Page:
Costa del Sol News - 26th August 2011

News from Andalucia & Costa del Sol

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Al-Qaeda suspect planned to poison water

The man, from Morocco, was arrested in La Línea de la Concepción

By David Eade

A SUSPECTED member of a terrorist group affiliated with Al-Qaeda was arrested in La Línea de la Concepción last Wednesday. At the time of the arrest the Guardia Civil said he allegedly headed an internet site that spread propaganda and sought to recruit members to carry out terrorist attacks. However, now it has emerged in a Madrid court that he planned a massive poisoning of drinking water.

Named as Abdellatif Aoulad Chiba, 37, from Morocco, he had previously been expelled from Jordan for suspected terror-related activities. He was being linked with the group known as Al-Qaeda in the Maghreb. Spain's Ministry of the Interior said the website also offered training for new members, encouraged terror actions and provided links to statements and media products from the leaders of Islamic terror groups.

Police searched his house at 53 Calle Pedreras in La Línea, which could lead to more detailed information emerging. According to his house cleaner, another man had also been staying at the property, leading to speculation that Chiba was not a lone wolf.

There was immediate speculation that he was in La Línea to plan an attack against the refinery in San Roque or installations in Gibraltar. The Royal Gibraltar Police say they were fully informed of the actions by the Guardia Civil but there were no known targets on the Rock.

More bad news for cash-strapped councils

Towns owe government millions due to over-calculated tax revenues

By Oliver McIntyre

AS IF the town halls of Málaga province didn't already have enough financial trouble, they now must pay back millions of euros to the central government due to over-calculations in tax revenues distributed to municipalities in 2009.

Because of the lower than expected revenues from IVA (VAT), income tax, business taxes and taxes on alcohol, tobacco and other items, the amounts given to nearly all of the towns of Málaga province were in excess of the amounts they should have gotten.

Only six towns in the province received less money than corresponded to them for 2009, and will thus receive additional funds. The other ninety-six towns owe the government a combined 119 million euros.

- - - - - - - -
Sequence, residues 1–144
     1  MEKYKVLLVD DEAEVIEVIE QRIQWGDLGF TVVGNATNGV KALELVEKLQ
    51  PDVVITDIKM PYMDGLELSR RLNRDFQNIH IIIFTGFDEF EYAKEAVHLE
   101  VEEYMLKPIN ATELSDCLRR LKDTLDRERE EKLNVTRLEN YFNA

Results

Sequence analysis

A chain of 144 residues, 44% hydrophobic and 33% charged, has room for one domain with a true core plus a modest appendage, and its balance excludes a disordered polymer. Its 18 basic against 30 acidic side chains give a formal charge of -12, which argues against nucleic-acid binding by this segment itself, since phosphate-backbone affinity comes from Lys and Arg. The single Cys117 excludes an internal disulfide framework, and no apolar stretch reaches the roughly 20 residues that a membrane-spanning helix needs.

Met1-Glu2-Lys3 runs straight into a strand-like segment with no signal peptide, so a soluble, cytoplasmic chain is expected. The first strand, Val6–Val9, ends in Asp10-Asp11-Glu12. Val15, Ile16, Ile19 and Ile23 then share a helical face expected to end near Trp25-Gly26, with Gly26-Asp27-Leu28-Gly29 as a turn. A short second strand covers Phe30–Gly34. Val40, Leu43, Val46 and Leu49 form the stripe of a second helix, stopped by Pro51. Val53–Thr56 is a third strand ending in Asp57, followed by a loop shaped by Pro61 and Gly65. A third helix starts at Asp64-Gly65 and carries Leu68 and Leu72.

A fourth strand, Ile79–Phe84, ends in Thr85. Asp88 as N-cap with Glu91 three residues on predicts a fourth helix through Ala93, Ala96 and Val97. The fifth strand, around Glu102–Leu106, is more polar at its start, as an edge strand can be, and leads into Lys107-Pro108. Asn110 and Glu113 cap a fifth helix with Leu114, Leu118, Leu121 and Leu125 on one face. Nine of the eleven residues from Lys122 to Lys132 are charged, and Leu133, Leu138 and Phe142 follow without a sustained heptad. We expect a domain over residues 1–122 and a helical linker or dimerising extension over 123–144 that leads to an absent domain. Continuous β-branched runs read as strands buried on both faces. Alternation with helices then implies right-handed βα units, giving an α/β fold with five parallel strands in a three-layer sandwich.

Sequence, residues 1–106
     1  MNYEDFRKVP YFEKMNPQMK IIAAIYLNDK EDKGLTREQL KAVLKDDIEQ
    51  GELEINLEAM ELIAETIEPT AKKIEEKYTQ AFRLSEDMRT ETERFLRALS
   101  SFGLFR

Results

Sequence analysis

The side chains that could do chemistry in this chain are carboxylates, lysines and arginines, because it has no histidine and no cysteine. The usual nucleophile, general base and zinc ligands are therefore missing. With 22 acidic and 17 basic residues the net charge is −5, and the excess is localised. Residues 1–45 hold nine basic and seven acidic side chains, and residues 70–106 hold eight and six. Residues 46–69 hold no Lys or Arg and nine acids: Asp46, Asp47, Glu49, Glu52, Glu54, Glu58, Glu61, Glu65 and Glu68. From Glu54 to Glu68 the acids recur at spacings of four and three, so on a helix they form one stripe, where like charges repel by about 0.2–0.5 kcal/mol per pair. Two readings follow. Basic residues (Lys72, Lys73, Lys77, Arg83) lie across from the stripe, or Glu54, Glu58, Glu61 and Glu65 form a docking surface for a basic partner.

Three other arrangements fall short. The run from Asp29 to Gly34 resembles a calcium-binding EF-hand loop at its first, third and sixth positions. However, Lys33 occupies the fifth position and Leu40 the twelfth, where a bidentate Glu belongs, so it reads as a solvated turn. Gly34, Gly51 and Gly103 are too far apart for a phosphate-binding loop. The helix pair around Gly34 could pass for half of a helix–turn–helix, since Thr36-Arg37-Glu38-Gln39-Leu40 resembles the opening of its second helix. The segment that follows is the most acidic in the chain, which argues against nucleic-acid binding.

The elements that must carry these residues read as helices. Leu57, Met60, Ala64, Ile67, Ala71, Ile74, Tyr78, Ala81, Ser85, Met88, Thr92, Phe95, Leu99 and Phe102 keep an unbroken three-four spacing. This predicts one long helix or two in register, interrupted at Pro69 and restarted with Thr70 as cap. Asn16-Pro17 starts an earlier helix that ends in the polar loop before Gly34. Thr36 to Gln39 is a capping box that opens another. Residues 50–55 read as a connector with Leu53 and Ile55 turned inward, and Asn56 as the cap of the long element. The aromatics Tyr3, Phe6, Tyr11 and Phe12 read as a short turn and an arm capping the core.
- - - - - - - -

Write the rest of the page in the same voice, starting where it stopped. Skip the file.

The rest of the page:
The situation is a repeat of what occurred in 2008, but worse. That year, the town halls owed the government a total of 54.2 million euros. The discrepancy stems from the government's overly optimistic tax revenue estimates during the early years of the economic downturn.

Airport block as taxi row flares

Taxi union claims 65 per cent of business is taken by illegal drivers

By Dave Jamieson

ABOUT 500 people were trapped at Málaga airport late last Thursday night after taxi drivers blocked the access roads for an hour. Their action followed a fierce argument with drivers of transfer cars, pre-hired to collect arrivals, and so-called "pirate" taxi operators.

The president of the Taxi Unión co-operative, Francisco Soria, said that, at about 11pm, a group of taxi drivers who had been waiting hours for fares from the airport faced up to transfer drivers who were collecting clients. The taxi drivers argue that the others have no authorisation to be undertaking such work, and claim that some have no prior arrangement with people arriving and take advantage of the legal cabs. Sr Soria said there were three such cars identified and that the taxi drivers had attempted to prevent them being used. The argument eventually became violent with blows being traded, forcing National and local police officers to restore order.

Following this, around 100 taxis waiting at the airport were joined by 200 which arrived from the city centre, and the drivers proceeded to block access roads to the airport for around an hour.


Government slashes IVA to 4% for new home purchases

By Oliver McIntyre

THE government decided last week to temporarily slash the sales tax on new home purchases, from eight per cent to just four per cent, in a move aimed at jump-starting the stagnant real estate market and reducing the large stock of unsold homes.

The move, which came as part of a package of deficit-reduction measures approved by the Cabinet on Friday, will be in effect only until the end of this year, explained Elena Salgado, vice-president for the economy.

With many of the roughly 700,000 unsold new homes in the country currently in the hands of the banks, it is hoped that the tax break will help them offload some of the overstock, and that the lightening of that burden will then allow them to reopen the flow of credit to businesses and consumers, thus aiding the economic recovery.

The reduction of the IVA (VAT) rate charged on new home purchases means someone buying a house for, say, 200,000 euros, would save 8,000 euros.

The measure does not apply to the purchase of second-hand homes, because those transactions are subject not to IVA but to a separate tax on the transfer of property.

Expat to walk Camino de Santiago for charity

Bob Board, 56, will raise money for Cudeca on his 800-kilometre trek

By Oliver McIntyre

A BRITISH resident of Benalmádena Pueblo is preparing to embark on an arduous month-long walk along the Camino de Santiago de Compostela - and is raising money for Cudeca along the way.

Bob Board, 56, says that walking the Camino is first and foremost a personal challenge but that that the undertaking has taken on a broader significance since he teamed up with Cudeca to raise funds for the cancer hospice.